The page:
Reviewing the classic story ‘Ballet Shoes’

Happy New Year everyone! Hope yours was happy and safe. The first book I’m reviewing here in 2016 (is it really 2016 already?) is Ballet Shoes by Noel Streatfeild. You may recognize it from the movie version starring Emma Watson. The book is just as fun and delightful as the movie was.

2251927The novel, written in 1936, centers around the lives of three little girls, all orphans, who were adopted by an eccentric London collector they called Gum, a man they’ve never met. Gum is an explorer and an adventurer, and on his travels, he has always collected things like fossils, until his housekeepers complain that there’s no more room for the junk he sends home. So instead, he starts sending home children he manages to save from dire circumstances.

First there’s Pauline, then there’s Petrova, and then Posy, whose ballerina mother gave her up for adoption with a pair of children’s ballet slippers tucked into her basket. Gum saves them and sends them to his London home, but the girls grow up having never met him, under the guardianship of Gum’s great-niece and her nurse. Everything is fine until the money starts to run out, and Gum is nowhere to be found.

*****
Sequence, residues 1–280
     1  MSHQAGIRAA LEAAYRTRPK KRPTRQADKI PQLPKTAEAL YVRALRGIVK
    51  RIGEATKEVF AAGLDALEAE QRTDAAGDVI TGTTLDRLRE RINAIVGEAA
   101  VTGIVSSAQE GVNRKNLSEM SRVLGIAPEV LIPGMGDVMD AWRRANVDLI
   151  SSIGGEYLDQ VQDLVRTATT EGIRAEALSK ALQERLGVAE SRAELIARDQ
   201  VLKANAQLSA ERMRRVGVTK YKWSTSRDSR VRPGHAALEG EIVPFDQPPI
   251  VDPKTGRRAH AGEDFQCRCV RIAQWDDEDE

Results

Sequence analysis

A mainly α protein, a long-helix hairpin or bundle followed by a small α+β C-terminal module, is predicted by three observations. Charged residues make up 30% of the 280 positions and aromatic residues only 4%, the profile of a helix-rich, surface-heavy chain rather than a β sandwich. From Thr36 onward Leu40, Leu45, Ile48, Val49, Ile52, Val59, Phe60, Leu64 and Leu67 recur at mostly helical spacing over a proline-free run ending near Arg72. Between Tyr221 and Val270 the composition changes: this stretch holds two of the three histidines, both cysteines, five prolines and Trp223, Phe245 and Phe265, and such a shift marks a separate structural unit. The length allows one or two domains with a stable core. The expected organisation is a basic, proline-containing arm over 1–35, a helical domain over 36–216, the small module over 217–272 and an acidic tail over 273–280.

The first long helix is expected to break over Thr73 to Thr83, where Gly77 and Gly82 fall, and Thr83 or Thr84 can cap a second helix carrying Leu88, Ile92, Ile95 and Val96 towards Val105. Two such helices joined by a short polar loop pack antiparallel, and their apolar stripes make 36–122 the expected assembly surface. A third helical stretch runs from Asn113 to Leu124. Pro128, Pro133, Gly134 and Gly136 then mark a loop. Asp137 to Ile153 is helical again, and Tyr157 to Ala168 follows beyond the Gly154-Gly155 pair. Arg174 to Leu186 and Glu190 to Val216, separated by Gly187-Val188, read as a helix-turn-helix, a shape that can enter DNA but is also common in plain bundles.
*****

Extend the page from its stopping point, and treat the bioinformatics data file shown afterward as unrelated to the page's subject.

To earn money, Pauline, Petrova, and Posy have to join the Children’s Academy of Dancing and Stage Training, so they can develop skills to make money on the stage. Pauline is a natural at acting, and the small Posy is obsessive with ballet, but Petrova hates the stage and would much rather build cars or model airplanes.

I loved the tone of this book from the very beginning, a heartwarming tale about friendship, adopted family, the relationships between sisters, and the desire these girls had to make a name for themselves. Every year on their birthdays, the three girls would recite a pledge that they would try to get their names in the history books, because they had picked their own surname and wanted it to be important. Isn’t that adorable?

At its heart, Ballet Shoes is a book for children that teaches the value of hard work and the importance of family, and it’s funny, eccentric, and poignant all at once. If you’ve seen the movie, you’ll want to read the book. And if not, you’ll want to read it anyway. 🙂


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